❎ Week 23: Don’t wash your jeans all month.
Each year, an estimated 1.5 million tons of microplastics end up in the ocean, and about 35 percent of those come from washing synthetic textiles, a 2017 report from International Union for Conservation of Nature and Natural Resources found. Yes, even just the act of washing your clothing is releasing tiny bits of plastic into the environment. The best way to curb your release of microplastics is to, first and foremost, wash your clothing less and when you do wash, avoid washing on delicate wash cycles. A Newcastle University study found that delicate wash cycles, which can use twice as much water as a standard cycle, release on average 800,000 more microfibers as compared to a standard cycle. Some additional tips: Invest in a filter for your washing machine and use a LANGBRETT Guppyfriend washing bag.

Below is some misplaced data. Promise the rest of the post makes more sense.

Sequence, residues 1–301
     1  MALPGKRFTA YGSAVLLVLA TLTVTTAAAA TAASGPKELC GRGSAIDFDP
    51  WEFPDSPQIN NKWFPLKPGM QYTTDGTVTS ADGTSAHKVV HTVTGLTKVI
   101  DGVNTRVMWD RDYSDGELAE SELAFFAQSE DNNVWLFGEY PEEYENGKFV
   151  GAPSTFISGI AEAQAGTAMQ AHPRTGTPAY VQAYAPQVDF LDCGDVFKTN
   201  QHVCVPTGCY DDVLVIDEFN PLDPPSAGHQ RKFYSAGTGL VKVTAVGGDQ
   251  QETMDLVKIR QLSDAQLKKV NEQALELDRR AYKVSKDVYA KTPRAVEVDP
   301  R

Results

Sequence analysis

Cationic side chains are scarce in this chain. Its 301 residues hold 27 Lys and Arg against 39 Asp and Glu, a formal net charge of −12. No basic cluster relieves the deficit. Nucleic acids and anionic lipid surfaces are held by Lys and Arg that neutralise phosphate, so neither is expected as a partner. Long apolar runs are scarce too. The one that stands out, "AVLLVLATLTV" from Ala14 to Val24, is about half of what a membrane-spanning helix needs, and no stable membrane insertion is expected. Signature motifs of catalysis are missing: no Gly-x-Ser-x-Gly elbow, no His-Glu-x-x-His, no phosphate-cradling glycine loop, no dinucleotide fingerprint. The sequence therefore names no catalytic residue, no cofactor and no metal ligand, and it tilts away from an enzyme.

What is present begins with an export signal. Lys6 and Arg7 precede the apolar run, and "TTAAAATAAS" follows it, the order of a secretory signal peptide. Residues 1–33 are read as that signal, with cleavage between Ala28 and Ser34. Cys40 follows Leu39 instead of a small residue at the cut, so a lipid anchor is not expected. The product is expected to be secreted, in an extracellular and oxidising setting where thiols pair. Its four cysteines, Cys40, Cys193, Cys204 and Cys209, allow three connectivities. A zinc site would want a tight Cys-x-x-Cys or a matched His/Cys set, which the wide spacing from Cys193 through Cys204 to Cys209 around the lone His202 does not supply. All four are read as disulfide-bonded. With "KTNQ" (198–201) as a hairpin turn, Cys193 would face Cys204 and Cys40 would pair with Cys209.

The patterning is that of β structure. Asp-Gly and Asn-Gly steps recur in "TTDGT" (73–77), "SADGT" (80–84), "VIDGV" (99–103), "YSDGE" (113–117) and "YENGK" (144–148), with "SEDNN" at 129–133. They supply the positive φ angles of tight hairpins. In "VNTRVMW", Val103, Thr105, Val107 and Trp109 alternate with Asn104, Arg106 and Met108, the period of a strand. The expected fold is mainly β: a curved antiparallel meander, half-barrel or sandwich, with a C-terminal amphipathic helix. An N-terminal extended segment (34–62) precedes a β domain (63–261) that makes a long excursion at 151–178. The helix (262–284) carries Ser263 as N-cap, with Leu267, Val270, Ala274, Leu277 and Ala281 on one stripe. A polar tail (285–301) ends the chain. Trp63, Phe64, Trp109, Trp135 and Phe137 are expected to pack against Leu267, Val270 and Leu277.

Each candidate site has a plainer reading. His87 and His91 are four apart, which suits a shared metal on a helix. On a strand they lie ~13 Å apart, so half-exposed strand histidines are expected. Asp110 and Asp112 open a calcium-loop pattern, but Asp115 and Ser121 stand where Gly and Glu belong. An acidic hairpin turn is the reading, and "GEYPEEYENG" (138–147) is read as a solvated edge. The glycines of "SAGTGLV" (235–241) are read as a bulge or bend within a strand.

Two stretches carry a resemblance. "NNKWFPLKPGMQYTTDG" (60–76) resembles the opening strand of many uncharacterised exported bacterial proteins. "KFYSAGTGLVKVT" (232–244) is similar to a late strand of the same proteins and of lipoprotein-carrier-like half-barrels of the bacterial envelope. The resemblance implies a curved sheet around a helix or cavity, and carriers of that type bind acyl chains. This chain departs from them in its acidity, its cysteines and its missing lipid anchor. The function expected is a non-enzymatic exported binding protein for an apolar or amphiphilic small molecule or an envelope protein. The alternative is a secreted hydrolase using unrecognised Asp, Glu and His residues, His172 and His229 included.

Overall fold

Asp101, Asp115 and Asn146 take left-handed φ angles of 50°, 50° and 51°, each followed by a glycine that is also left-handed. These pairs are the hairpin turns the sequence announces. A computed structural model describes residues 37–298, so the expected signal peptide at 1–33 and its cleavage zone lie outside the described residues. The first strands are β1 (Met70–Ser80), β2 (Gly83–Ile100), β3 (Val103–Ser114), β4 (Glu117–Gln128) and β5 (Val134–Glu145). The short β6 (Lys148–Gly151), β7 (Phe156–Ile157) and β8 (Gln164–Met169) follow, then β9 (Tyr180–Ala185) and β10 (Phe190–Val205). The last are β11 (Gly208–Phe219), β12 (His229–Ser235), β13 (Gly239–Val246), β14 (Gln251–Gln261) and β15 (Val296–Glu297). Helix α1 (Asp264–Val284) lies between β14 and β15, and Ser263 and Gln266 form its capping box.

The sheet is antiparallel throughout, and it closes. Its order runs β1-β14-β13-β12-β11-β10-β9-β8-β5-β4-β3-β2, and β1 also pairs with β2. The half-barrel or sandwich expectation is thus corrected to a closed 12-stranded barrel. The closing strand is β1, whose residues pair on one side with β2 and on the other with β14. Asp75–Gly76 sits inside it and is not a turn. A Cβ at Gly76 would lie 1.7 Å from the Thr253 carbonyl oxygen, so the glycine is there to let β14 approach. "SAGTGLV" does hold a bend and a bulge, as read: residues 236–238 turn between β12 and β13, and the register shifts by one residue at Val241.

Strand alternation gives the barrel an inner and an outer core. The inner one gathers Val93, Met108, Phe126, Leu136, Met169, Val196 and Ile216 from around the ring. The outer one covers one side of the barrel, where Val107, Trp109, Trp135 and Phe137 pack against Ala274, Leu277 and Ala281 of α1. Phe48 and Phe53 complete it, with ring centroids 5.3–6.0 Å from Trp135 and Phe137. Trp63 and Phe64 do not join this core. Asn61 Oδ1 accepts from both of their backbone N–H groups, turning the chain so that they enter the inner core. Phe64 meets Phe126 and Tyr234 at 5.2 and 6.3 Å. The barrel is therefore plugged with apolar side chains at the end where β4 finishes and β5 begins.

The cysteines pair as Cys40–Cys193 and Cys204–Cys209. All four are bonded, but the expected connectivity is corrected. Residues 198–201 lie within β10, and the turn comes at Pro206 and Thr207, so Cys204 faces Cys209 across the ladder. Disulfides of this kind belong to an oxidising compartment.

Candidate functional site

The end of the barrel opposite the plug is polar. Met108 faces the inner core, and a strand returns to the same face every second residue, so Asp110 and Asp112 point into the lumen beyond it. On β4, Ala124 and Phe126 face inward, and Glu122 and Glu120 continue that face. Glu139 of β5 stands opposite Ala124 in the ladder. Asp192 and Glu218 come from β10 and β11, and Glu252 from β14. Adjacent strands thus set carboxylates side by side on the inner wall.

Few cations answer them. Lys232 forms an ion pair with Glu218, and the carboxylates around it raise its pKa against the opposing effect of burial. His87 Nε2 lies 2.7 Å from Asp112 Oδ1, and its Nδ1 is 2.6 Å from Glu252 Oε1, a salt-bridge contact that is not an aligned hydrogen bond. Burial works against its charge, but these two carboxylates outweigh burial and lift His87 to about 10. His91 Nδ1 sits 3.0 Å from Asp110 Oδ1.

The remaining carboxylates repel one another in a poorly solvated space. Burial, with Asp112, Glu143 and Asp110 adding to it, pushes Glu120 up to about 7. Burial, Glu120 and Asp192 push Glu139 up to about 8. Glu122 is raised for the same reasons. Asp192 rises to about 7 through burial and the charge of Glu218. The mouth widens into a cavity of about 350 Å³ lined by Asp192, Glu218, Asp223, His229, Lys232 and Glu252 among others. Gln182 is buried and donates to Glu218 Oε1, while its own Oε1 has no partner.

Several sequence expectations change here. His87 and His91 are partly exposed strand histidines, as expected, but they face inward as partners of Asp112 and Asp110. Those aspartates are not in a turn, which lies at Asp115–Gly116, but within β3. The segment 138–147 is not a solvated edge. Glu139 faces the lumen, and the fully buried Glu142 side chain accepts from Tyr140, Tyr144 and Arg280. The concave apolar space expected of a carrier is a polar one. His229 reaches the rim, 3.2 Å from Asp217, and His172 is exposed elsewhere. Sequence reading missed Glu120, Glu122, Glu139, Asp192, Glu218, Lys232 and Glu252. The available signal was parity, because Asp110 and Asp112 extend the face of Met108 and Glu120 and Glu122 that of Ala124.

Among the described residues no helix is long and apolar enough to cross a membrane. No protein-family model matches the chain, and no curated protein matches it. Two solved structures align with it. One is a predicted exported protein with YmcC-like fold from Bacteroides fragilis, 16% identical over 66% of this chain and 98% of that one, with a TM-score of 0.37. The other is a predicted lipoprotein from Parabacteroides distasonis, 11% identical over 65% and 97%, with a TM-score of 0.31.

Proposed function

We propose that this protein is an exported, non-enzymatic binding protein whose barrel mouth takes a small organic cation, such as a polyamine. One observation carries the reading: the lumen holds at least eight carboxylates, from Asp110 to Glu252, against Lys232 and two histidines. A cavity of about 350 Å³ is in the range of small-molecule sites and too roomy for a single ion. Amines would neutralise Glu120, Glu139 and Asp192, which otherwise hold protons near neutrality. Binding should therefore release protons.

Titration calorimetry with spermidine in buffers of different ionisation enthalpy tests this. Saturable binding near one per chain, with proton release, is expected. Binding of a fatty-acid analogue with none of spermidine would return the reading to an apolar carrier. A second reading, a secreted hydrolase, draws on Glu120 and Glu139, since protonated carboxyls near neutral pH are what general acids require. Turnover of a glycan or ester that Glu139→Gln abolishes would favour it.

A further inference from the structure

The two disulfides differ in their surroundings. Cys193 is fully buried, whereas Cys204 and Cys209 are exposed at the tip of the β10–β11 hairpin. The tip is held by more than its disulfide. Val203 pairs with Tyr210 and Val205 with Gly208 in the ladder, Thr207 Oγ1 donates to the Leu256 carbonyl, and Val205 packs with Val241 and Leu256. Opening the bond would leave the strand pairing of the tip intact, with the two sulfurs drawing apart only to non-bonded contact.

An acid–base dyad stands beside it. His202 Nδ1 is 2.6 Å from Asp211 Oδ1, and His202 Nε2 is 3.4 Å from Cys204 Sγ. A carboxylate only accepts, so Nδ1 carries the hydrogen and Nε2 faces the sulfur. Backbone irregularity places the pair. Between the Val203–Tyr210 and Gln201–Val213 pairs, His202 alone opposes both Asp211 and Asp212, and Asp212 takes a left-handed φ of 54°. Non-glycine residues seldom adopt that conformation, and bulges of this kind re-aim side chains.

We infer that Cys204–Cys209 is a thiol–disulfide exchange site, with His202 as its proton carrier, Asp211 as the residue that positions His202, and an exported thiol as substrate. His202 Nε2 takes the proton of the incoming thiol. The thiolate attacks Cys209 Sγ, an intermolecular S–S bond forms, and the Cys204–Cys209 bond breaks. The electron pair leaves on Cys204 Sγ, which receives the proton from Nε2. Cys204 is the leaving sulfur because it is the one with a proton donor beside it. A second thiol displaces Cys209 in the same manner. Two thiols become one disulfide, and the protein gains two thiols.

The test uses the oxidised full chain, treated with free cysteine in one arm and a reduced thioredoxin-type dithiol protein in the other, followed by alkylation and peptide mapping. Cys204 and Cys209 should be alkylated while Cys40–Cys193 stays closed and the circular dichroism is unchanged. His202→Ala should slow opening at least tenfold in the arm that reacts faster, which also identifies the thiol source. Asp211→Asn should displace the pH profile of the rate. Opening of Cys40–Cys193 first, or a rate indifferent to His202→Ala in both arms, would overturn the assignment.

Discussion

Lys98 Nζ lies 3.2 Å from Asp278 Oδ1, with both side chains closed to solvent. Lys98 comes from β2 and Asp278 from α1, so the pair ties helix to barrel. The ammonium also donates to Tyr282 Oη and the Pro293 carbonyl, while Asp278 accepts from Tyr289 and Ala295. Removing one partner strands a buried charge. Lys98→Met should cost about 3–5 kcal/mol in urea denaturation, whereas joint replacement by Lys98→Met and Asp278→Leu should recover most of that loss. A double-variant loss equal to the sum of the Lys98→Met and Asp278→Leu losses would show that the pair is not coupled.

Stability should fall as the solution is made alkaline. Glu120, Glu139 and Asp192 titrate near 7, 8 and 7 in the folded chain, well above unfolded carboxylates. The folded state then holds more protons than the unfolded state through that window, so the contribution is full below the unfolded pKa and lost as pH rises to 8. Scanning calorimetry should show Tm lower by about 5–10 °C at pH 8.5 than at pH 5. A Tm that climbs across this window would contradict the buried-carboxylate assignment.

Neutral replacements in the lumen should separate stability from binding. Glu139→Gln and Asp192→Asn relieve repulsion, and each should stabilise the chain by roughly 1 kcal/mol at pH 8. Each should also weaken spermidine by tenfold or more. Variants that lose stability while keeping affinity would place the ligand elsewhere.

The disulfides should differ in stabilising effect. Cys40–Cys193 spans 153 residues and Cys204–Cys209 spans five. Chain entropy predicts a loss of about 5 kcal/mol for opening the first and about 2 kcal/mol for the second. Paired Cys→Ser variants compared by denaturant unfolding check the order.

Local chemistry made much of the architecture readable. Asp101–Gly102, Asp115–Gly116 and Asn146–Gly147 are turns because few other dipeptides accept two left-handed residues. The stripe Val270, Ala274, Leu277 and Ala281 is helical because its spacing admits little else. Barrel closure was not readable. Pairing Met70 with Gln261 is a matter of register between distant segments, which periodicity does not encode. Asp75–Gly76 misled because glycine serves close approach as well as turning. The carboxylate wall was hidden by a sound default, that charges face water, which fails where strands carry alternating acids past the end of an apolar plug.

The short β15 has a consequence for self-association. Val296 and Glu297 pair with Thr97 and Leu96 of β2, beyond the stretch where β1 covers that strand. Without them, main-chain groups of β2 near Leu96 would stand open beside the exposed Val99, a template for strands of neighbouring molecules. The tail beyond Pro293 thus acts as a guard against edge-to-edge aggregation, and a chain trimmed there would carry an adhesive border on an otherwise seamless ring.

Take part: May 3–9, 2020
— The Opt to Act Plan – 52 simple weekly challenges for a year of action
* Primary Microplastics in the Oceans: a Global Evaluation of Sources (2017) [IUCN] 2017-002-En.pdf
* Ditch the delicate wash cycle to save our seas (2019-Sep-26) [Newcastle University]
International Compost Awareness Week
Sunday 3 May – Saturday 9 May 2020
* International Compost Awareness Week Australia (ICAW) [ICAW]
* How to compost like a forest: 5 lessons from nature (2019-May-06) [Remember the Wild]
❝ Ecological composting seeks to utilise the wildlife-facilitated cycles of decomposition which occur in nature. Not only does this convert garden waste into rich, nutritious soil, but it also generates habitat for animals and fungi to encourage them into the garden. To start off, here are five simple lessons to help you start ecological composting. ❞